Here's a guy who managed to answer the big question: I have a great product idea, how the heck do I get it made? His original company, Mophie, made a bunch of Ipod accessories and launched at MacWorld, thanks to his parent's re-mortgaging their home. Now, he has a company called Quirky that will maybe, possibly produce your idea if you submit it with a $99/fee.
Gotta say, I hate to see a guy who took a big risk and had some success turn around and try to rip off other people's ideas. His company will make way more money from your idea than you ever will. But then again, he is assuming your risk....but still, this rubs me the wrong way. Great ideas are valuable and marketable, salable, profitable ones are rare creatures that you shouldn't just give away. True social product development would streamline the development process for the benefit of society, not to make money.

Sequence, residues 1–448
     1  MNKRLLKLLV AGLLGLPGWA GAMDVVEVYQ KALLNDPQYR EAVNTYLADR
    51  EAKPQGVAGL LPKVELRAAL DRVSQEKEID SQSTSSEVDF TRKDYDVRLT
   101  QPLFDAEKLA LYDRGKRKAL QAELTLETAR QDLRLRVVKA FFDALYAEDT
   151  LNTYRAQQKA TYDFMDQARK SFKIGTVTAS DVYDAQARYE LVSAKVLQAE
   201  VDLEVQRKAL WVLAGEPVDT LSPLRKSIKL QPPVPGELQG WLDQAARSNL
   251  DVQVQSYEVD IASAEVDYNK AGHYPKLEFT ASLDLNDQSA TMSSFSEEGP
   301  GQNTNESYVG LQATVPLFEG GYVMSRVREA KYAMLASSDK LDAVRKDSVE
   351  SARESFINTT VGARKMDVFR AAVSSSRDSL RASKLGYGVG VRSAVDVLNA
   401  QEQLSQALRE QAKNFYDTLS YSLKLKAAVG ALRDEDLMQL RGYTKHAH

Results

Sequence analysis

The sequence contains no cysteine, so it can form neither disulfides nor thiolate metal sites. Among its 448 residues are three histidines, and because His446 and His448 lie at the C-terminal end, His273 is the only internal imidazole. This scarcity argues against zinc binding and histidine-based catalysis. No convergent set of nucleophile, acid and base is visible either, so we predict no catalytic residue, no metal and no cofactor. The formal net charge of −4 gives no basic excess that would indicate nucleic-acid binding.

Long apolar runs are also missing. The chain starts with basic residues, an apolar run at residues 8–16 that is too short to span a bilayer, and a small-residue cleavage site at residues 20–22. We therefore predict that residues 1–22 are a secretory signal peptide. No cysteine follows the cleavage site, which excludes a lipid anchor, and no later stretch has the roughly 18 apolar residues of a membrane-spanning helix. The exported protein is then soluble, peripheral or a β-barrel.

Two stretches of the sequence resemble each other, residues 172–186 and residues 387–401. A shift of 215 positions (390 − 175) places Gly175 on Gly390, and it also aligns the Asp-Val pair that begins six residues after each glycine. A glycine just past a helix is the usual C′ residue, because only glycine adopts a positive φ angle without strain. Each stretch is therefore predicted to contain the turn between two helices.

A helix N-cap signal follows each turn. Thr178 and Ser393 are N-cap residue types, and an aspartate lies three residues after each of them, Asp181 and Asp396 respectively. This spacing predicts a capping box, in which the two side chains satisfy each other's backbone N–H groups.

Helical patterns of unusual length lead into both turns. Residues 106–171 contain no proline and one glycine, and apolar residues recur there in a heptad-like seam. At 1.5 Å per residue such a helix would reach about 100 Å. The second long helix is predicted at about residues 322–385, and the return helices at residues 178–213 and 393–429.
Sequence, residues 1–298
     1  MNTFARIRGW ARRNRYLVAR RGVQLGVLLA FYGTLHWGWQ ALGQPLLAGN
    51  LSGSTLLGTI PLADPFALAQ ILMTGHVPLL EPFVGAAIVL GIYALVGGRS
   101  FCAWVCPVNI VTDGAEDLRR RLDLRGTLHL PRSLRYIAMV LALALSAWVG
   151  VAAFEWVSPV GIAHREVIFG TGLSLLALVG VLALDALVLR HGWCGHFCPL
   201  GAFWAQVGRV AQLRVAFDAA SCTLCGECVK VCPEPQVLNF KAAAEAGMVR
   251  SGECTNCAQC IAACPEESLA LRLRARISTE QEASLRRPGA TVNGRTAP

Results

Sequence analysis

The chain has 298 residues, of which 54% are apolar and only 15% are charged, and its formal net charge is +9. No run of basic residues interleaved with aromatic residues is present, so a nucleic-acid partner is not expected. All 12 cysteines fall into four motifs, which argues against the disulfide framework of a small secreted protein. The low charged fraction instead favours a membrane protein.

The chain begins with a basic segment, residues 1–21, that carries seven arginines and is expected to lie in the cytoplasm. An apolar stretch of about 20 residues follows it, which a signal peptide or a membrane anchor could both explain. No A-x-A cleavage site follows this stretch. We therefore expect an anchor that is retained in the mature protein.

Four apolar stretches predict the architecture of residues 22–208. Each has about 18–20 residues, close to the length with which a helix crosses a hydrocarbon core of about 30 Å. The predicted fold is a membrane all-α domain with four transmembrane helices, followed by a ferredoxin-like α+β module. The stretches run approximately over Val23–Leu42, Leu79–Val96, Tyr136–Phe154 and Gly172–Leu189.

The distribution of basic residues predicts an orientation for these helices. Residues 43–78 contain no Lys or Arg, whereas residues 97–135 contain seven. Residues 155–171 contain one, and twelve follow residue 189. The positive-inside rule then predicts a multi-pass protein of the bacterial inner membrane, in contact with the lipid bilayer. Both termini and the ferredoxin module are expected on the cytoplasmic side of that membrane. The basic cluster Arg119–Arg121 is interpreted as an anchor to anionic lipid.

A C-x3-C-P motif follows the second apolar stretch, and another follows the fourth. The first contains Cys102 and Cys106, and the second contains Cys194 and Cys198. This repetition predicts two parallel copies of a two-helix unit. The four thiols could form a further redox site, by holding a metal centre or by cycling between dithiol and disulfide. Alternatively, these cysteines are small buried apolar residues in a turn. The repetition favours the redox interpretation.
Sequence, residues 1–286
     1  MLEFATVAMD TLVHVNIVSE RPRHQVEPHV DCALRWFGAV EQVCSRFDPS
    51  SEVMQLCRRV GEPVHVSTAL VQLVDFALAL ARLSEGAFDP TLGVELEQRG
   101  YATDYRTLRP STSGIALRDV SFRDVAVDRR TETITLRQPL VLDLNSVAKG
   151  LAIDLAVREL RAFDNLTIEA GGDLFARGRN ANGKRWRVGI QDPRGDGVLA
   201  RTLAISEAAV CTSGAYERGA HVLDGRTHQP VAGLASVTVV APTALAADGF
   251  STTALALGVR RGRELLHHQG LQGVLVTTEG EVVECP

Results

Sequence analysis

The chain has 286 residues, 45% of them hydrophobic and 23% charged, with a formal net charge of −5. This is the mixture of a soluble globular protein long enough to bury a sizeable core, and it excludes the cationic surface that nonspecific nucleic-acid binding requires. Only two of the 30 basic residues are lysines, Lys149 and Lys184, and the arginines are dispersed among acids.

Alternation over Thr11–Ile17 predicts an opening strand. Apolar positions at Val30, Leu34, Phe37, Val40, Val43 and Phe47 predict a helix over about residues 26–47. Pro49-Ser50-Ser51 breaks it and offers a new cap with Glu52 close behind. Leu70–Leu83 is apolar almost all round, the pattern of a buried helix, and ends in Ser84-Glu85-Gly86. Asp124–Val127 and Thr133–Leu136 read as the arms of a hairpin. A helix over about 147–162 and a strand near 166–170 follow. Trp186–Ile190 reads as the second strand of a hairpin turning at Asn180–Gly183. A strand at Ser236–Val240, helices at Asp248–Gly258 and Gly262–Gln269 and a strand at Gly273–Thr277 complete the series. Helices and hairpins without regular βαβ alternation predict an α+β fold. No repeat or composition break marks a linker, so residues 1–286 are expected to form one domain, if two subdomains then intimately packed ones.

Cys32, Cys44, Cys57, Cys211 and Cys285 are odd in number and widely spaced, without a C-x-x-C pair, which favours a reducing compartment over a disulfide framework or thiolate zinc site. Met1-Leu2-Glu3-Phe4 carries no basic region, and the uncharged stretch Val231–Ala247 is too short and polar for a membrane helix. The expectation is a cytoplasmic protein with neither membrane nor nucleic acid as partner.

What is interesting is the idea of garnering commitments from consumers before producing a product (see the homepage). This likens product development to on-demand printing, which could be very neat if it actually works. Producing low volumes will make it challenging to hit price points, but if everyone in a country were given the chance to "commit" - it's a whole new way to raise capital.